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The COVID-19 pandemic has accelerated society’s reliance on digital technology.

People are spending more time online and are reliant on technology to perform a range of everyday tasks: from working, to socialising with family and friends, to attending medical appointments and purchasing groceries.

With more time spent online, Australians are increasingly vulnerable to cybercrime.

Victoria Police’s Joint Anti Child Exploitation Team received a 400% increase in reports of child abuse material related internet reports in June 2020 compared to June 2019.

The Australian Cyber Security CentreExternal Link found that more than 75% of pandemic-related cybercrime reports involved Australians losing money or personal information.11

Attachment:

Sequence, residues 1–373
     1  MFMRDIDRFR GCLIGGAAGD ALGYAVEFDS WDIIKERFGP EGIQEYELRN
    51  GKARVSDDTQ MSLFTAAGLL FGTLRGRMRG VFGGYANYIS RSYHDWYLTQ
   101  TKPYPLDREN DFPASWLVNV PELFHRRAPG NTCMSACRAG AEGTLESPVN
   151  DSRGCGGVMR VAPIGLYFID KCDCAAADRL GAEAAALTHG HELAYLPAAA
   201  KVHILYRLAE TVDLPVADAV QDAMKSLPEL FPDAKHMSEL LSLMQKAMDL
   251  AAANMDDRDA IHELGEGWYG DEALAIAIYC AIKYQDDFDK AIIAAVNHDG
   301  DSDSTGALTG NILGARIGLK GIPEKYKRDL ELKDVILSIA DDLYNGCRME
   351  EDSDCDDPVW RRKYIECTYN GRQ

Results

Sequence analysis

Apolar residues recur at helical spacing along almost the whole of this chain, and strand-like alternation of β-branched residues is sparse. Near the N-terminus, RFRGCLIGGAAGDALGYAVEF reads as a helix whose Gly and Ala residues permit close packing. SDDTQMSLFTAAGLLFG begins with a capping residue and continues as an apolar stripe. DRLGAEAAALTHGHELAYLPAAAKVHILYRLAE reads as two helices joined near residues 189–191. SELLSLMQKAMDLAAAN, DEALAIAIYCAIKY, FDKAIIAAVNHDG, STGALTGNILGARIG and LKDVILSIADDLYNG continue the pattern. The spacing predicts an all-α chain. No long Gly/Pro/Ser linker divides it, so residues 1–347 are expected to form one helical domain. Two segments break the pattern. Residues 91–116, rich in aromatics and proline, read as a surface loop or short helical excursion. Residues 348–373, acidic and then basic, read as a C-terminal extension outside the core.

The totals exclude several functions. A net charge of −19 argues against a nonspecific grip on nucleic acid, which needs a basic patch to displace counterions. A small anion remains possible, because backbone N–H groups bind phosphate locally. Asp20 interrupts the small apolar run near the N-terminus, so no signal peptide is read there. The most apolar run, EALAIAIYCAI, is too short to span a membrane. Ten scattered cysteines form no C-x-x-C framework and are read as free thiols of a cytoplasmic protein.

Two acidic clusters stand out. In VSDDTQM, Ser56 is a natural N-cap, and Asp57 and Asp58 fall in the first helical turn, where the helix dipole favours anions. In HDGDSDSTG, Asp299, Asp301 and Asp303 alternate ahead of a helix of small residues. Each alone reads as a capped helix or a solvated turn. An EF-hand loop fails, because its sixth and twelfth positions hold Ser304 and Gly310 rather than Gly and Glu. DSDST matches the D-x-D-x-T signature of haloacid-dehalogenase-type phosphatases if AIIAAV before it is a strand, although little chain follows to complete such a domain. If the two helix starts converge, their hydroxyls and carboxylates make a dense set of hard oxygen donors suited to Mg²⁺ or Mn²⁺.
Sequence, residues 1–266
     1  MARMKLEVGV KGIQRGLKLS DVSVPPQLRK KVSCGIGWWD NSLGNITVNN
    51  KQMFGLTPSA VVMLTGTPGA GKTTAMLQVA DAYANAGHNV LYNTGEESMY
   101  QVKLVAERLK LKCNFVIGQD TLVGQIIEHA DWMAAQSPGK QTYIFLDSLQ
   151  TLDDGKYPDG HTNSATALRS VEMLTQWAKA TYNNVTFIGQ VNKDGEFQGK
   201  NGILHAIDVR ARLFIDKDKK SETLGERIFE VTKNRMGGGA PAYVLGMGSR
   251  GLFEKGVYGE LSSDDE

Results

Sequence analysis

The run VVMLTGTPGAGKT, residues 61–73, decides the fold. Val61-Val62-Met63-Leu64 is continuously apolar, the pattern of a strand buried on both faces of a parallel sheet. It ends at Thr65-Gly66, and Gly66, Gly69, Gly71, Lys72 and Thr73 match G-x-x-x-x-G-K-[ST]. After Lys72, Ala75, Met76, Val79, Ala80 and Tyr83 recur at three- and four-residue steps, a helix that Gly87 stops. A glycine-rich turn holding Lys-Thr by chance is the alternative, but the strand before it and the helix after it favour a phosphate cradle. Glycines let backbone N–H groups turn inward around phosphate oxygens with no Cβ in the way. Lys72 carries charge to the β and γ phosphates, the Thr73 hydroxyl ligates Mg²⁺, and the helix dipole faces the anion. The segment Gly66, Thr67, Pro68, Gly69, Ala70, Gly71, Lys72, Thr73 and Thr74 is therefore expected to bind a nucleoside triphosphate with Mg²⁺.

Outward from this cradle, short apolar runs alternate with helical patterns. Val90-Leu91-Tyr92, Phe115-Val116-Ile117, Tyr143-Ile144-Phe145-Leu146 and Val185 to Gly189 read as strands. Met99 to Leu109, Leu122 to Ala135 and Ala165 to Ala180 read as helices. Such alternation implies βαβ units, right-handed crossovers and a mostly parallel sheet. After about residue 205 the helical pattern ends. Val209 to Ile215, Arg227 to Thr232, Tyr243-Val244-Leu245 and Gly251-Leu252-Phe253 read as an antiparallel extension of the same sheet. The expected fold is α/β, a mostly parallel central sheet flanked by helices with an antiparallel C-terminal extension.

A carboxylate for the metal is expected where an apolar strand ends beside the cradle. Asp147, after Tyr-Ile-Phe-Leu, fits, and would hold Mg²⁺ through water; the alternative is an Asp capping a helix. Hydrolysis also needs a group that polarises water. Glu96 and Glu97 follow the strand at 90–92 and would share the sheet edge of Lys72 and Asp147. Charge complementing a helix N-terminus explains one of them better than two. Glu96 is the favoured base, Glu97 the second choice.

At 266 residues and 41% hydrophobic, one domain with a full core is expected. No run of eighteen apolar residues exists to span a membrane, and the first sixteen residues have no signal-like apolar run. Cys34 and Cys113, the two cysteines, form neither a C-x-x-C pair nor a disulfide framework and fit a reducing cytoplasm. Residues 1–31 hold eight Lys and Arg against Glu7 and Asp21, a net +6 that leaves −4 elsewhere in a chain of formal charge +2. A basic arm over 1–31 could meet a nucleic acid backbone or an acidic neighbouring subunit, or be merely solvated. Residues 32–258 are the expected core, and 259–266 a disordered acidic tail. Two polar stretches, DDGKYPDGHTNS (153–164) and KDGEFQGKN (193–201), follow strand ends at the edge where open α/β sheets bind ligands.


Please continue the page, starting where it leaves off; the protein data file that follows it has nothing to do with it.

According to the Australian Competition & Consumer CommissionExternal Link , Victorians reported around $49 million in losses to ScamwatchExternal Link in 2020.

This is more than double the loss reported in 2019.12

Vulnerability to cybercrime, particularly cyber-enabled crime such as cyber abuse and technology-facilitated abuse, has increased due to reliance and use of the internet during social isolation and work from home arrangements.

The Department of Home Affairs13

11 Australian Cyber Security Centre, 2021, ACSC Annual Cyber Threat Report: 1 July 2020 to 30 June 2021

12 Australian Competition and Consumer Commission, Targeting Scams: Report of the ACCC on scams activity 2020, https://www.accc.gov.au/system/files/Targeting%20scams%20-%20report%20o…External Link

13 Department of Home Affairs, December 2020, Discussion Paper: National Plan to Combat Cybercrime.

Reviewed 15 November 2022

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